A phone in India will work in the same way as a phone in England. People find you, they view items, they go through the checkout process and they buy. There's really not much else you can provide as a retailer to help people in India that you haven't already done to help people in Europe.
     
    Emma Pollard, Feb 18, 2013 IP
  17. WebiProg

    WebiProg Peon

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    #17
    Ecommerce will be represented by Mobile Commerce in the future.
     
    WebiProg, Feb 18, 2013 IP
  18. King Kovifor

    King Kovifor Active Member

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    #18
    Social is an important factor in decisions on whether or not someone purchases something (obviously, different niches won't have such a big difference). You trust your friends opinions more than that of strangers, because well, you know them. My employers were the first two integrate the Facebook like button in a mobile website, even before it was integrated on their full site (we function very differently then you'd assume) and it was raved about. Hell, I don't do much online shopping, but when I do like something (usually for testing purposes) I have friends that automatically notice the new like. They call me out for it because well, I'm a straight guy liking a purse on Kate Spade, but that's besides the point...


    Sharing isn't always about making a comment, liking content (I use Facebook, since from my experience, I believe this is the most widely used social context) will add endorsements that people will see and trust.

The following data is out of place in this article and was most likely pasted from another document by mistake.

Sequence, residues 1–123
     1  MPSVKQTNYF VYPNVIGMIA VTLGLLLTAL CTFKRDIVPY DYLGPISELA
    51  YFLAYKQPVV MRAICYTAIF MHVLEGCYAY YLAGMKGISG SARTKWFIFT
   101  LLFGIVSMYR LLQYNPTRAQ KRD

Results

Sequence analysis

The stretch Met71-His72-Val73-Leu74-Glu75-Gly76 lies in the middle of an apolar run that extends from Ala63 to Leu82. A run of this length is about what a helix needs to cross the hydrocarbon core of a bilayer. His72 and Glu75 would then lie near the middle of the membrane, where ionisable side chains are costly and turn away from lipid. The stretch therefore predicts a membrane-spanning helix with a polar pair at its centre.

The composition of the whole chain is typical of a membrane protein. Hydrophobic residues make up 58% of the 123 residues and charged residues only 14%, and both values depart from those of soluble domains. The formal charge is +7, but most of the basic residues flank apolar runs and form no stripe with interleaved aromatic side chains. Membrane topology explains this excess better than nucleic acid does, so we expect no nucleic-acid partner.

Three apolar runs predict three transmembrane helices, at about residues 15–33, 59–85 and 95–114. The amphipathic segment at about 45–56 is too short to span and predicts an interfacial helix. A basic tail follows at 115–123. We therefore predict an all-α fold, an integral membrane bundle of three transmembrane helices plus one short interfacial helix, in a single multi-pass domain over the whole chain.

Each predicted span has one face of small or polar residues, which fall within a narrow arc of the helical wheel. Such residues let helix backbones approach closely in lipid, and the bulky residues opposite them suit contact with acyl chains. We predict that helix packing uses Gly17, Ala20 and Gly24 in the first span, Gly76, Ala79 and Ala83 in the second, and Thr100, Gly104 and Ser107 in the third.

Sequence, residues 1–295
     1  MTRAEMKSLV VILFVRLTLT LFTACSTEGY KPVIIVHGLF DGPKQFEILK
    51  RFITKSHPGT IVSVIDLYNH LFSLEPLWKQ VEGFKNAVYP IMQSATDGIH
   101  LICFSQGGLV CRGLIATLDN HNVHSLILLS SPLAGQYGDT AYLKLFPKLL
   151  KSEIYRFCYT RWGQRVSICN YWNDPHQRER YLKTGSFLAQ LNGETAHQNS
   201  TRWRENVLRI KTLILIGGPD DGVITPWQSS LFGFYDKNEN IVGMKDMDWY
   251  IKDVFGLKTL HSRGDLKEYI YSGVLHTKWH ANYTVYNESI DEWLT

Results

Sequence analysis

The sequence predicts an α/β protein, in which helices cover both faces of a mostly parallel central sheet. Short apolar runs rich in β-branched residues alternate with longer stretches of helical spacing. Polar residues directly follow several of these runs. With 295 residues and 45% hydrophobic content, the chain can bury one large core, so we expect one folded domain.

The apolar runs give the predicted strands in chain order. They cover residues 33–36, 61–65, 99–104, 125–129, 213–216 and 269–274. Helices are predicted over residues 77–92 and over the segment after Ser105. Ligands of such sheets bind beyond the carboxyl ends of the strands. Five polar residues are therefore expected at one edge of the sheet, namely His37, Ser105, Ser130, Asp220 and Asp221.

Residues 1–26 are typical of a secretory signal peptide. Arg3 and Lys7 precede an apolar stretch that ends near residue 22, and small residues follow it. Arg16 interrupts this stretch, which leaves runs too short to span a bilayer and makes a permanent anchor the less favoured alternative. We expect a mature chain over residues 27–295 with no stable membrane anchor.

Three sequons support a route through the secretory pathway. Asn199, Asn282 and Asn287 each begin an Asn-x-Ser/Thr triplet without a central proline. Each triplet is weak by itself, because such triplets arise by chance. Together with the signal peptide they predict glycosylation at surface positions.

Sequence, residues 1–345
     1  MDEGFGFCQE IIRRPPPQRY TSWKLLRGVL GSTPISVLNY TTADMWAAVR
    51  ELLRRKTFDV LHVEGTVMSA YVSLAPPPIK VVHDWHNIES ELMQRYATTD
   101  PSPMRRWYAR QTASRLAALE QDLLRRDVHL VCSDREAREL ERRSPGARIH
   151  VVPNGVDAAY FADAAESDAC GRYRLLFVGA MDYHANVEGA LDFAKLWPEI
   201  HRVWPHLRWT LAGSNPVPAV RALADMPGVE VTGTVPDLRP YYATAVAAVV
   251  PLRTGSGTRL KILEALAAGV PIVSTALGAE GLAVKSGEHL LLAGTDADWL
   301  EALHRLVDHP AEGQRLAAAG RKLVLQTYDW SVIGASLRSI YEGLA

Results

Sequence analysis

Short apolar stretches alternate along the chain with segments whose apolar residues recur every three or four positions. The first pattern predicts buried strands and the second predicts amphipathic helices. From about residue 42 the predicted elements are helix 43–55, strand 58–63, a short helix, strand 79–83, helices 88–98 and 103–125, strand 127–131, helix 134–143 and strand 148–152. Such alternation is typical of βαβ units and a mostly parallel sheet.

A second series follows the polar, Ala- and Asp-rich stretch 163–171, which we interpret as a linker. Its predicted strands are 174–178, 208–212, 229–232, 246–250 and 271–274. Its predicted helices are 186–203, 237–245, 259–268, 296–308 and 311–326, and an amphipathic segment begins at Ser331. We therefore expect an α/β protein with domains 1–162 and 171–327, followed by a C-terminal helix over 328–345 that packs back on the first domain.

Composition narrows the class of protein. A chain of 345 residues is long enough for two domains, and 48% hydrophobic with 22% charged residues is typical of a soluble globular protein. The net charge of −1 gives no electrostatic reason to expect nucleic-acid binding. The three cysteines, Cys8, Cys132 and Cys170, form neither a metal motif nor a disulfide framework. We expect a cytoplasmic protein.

King Kovifor, Feb 18, 2013 IP
  19. DSKANK888

    DSKANK888 Active Member

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    #19

    Think this is still a valid point as it touches upon site usability. How often have you found yourself turned off by a large online mall's vast offerings and poor search and navigation functions? The challenge for retailers is to provide a simple and painless shopping experience that pulls customers back time and again. I feel eBay is the only site that comes close to a hassle free experience, where you feel confident that you can drill down and find all products in their inventory, with a simple sorting and listing interface. Amazon I still find tiresome, and feel the search inadequately misses items.

    Another challenge for ecommerce retailers is the need to serve content to a proliferation of devices. So standardisation will increasingly come to bear on implementation.
     
    DSKANK888, Feb 19, 2013 IP
  20. speedyarticle

    speedyarticle Well-Known Member Premium Member

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    #20
    Likewise as the big companies like wallmart is fighting with other stores the same is going to happen here as well or else otherwise you can expect the same here.
     
    speedyarticle, Feb 19, 2013 IP